Last week we put up our interview with the stars of the new Showcase Original TV Series Lost Girl. This week we got a chance to interview Michelle Lovretta, the creator, co-show runner and writer of five of the thirteen episodes, via email.
In the interview Michelle talks about the show, how the lead character Bo relates to other strong female genre show characters, the role of sexuality in Lost Girl and much more.
I will also be posting my thoughts about the actual show soon, probably after I have seen a few more episodes so I can get a true feel for it. I will say so far I have been impressed with some aspects of Lost Girl, and disappointed by others, but it does have potential.
On to the interview…
ALEX: As the show Creator, Writer, and an Executive Producer can you give us an overview for our readers what Lost Girl is about? [I am not sure if Peter Mohan is the co-creator and co-writer, so please correct me if this is the case]
Lost Girl is the story of Bo, a young woman who realizes she’s a succubus (a woman who uses sex to feed, heal… and kill) when she hits maturity and drains her high school boyfriend to death during her first sexual encounter. Oops. She tries to run from her past and her nature, until encountering others like her and learning she’s part of the Fae, an ancient race living amongst humans and feeding off of them in different ways. They pressure her to join their ranks, but she distrusts their motives and chooses to go it alone, navigating the terrain between the humans and the Fae while trying to figure out her origins and gain control of her predatory sexual hungers.
or, um… something like that 😉
Alex: The character of Bo follows a long traditions of strong female leads in genre shows – Xena, Buffy, Echo. Can you tell us how Bo both relates & differs from them?
Michelle Lovretta: She certainly shares some traits with each of them – she’s guilt stricken over her previous kills and trying to repair her karma by using her abilities to help others, like Xena. She has Buffy’s sense of both loss and wonder, when she realizes she’s not the “normal girl” she thought she was. And Bo shares Echo’s determination to live outside the “system”, and possibly bring it down.
A key difference would be Bo’s complicated relationship with sex. For Bo, “sex is power” isn’t an idiom, it’s a very tricky and inconvenient fact of life.
Alex: Buffy, Xena, Dollhouse, all created by male creators and writers. How will Lost Girl differ from those shows, with a woman as the creator and writer?
Ms. Lovretta: Well, clearly none of those series suffered in any way from having male creators. I’d love to be able to claim some unique moral highground or creative edge here as a woman creating a female heroine, but the truth is …I’m not sure there is any? Television is full of empowered, three dimensional female characters that just so happen to be created by men.
The difference here, if there is any, is what stories I might be more drawn towards telling. One of the dynamics I enjoy exploring most in Lost Girl is just that of female friendship. I get a little tired of the portrayals of shallow, catty, competitive girlfriends, the type who ditch one another when anything with a functioning penis walks in the room. That just hasn’t been my experience. I’m not those girls, I don’t like those girls, and I’d sooner not spend an entire season writing them.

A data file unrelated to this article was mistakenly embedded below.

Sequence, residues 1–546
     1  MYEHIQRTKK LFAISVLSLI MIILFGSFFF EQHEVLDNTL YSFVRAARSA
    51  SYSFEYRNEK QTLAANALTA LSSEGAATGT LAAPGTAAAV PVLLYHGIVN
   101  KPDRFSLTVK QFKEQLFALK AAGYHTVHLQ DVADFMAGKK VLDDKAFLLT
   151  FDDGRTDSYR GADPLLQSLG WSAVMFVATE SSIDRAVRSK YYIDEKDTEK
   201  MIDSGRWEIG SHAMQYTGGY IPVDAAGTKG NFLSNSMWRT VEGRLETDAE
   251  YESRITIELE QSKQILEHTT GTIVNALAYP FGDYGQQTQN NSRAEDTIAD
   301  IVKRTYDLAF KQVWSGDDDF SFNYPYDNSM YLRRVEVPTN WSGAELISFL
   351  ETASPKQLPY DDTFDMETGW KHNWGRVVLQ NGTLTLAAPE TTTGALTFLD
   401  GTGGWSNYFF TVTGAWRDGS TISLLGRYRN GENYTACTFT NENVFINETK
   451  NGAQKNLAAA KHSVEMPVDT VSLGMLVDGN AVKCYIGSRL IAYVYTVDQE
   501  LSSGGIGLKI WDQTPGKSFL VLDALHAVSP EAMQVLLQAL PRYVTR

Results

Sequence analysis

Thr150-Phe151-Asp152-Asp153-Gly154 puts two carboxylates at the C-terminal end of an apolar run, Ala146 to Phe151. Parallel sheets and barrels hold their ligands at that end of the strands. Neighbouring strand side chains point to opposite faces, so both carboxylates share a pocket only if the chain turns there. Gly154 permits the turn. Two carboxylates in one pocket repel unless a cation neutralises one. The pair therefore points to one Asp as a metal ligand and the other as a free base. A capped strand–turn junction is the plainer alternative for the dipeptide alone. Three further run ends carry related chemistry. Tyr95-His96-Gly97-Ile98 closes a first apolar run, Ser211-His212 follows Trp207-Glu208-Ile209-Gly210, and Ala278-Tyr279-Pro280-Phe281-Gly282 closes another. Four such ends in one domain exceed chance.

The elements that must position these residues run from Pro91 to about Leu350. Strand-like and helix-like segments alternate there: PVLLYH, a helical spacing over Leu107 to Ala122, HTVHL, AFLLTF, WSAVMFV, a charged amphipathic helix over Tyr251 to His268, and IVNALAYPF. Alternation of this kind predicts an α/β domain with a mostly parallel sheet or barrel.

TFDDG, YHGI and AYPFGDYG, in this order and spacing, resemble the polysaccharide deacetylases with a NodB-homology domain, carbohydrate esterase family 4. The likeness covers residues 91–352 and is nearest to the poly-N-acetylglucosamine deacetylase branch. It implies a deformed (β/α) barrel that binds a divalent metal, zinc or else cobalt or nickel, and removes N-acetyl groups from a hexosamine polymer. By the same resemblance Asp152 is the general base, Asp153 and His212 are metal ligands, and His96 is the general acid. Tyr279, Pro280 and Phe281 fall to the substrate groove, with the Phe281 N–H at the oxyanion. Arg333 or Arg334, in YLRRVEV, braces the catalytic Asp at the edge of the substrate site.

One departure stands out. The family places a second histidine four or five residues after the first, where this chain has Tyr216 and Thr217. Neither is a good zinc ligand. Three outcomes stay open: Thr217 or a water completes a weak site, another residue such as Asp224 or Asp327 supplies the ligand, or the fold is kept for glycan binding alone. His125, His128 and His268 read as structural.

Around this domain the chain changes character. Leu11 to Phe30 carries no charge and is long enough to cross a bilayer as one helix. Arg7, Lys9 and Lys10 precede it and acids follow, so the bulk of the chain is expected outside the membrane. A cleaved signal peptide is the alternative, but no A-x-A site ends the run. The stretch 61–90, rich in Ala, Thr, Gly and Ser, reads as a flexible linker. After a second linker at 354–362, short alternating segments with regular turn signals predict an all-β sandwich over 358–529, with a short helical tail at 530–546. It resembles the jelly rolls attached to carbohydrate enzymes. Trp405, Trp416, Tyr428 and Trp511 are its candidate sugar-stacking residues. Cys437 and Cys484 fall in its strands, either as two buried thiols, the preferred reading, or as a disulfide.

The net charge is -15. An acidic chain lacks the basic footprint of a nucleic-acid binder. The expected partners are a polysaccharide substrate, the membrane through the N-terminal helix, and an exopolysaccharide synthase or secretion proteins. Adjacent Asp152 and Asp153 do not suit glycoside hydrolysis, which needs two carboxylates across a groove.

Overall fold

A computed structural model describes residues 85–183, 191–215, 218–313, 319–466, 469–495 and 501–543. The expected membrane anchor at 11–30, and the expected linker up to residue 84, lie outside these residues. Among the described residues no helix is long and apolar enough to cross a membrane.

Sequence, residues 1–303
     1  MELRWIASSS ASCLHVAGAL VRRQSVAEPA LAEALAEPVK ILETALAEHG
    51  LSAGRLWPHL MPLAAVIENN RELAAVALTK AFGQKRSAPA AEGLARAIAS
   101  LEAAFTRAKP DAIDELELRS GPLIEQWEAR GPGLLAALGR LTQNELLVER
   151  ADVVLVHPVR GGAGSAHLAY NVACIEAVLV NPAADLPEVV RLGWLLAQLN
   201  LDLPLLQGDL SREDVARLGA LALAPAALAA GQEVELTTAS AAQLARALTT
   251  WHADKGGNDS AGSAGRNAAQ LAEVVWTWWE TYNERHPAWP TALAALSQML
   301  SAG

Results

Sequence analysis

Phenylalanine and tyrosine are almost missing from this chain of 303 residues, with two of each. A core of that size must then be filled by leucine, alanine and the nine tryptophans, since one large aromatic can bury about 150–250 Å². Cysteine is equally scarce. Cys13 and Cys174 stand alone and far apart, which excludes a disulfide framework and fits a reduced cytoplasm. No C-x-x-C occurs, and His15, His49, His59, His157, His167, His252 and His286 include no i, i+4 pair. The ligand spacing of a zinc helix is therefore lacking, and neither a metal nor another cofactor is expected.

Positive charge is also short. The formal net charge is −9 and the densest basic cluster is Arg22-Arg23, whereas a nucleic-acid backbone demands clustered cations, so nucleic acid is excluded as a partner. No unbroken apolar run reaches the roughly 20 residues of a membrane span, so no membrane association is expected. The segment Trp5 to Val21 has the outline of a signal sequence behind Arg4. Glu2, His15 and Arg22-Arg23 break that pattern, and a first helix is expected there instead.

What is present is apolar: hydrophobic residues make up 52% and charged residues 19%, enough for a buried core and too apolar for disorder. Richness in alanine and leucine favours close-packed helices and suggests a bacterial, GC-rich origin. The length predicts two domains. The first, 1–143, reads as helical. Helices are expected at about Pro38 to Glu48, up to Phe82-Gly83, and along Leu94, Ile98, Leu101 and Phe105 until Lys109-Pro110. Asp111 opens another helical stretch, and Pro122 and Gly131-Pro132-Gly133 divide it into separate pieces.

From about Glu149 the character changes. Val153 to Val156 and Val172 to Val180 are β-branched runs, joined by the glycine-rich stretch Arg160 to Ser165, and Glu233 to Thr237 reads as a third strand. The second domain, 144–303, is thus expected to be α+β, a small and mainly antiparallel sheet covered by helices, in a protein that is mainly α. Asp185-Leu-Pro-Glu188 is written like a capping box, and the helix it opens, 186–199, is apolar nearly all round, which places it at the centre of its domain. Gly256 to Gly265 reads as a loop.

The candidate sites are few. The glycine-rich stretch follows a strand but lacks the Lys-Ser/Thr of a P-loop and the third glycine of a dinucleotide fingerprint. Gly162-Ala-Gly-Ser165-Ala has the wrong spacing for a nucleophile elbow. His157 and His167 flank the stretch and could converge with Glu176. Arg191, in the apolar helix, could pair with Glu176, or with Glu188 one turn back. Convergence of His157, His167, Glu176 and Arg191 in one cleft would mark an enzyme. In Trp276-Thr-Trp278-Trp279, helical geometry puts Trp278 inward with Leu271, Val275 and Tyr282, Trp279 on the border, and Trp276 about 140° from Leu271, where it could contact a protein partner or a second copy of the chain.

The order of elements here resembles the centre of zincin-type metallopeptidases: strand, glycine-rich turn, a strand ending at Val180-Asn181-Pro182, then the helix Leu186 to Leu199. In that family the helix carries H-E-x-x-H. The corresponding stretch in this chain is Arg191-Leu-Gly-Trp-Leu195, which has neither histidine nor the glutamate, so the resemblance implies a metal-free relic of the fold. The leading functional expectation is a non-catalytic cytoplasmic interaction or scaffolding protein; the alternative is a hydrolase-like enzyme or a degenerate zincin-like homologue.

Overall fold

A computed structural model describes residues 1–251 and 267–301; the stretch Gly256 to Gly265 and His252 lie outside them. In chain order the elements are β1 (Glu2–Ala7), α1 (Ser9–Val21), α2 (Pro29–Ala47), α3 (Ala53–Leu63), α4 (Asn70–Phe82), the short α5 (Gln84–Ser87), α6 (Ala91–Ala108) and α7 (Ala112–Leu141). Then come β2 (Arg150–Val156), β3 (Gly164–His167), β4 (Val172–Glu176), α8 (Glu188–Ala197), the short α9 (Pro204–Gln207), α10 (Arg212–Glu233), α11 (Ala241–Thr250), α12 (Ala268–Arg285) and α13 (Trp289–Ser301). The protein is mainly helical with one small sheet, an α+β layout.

I have no doubt that Kenzi and Bo would kill or die for one another, although there’s nothing sexual between them to be gained. I love that about them, and that platonic loyalty was very important for me to protect throughout the development process: that Bo and Kenzi are sisters, not love interests. I didn’t want to feed into the stereotype that because someone is bisexual (as Bo is) that they’re sexually available to, or interested in, everyone. I love me my Bo — so, I don’t want to paint her as a Walking Hungry Crotch, or someone’s fantasy fulfillment.
Alex: With Bo being succubus I assume you will be exploring her sexuality as the season progresses. How are you approaching that in a mature fashion, without being exploitative, which I feel shows like True Blood are guilty of?
Ms. Lovretta: Carefully! Actually, we originally planned to be a little edgier and slightly more explicit when we were developing the pilot, but other shows have come out since that do a wonderful job in that terrain. To keep going that way ourselves became less interesting to us, creatively. Our show is more on the “fun, campy romp…with a heart” side of the spectrum, so it would feel odd and exploitive to have Bo nekkid or suddenly, I dunno, fellate some source into giving her information. It’s just not us. I’m actually really glad about that.
Bo is a succubus, a grown woman, and bisexual — with that recipe, it’s pretty damn hard to not explore her sexuality in some way. And frankly, I *want* to explore it, that’s partly the point of the series for me. You can say a lot of things about sex with a series like this. And what’s a little intimidating is that people can also read whatever they want into it. The one thing I hope is clear is that, in our Lost Girl world, healthy consensual sex is good, and repression and shame can be dangerous. Part of Bo’s problem is that she’s been denying herself sex until the hunger builds into something ugly, and she loses control of it.
To me, what was fascinating about a succubus-in-rehab was more about the emotional consequences: yes, she can seduce anyone she wants and doesn’t know what rejection is, but she’s also an adult whose lovers always died, and so until now Bo has never had to deal with what happens AFTER sex. Also known as “the hard shit”. She has the sex drive of a pornstar, the heart of the girl next door, and the dating skills of a fifteen year old. There’s not just awkward comedy in that, hopefully there’s empathy: most of us have had less than ninja-level relationship skills well into adulthood, and it’s nice that Bo can be vulnerable and imperfect and relateable in that way.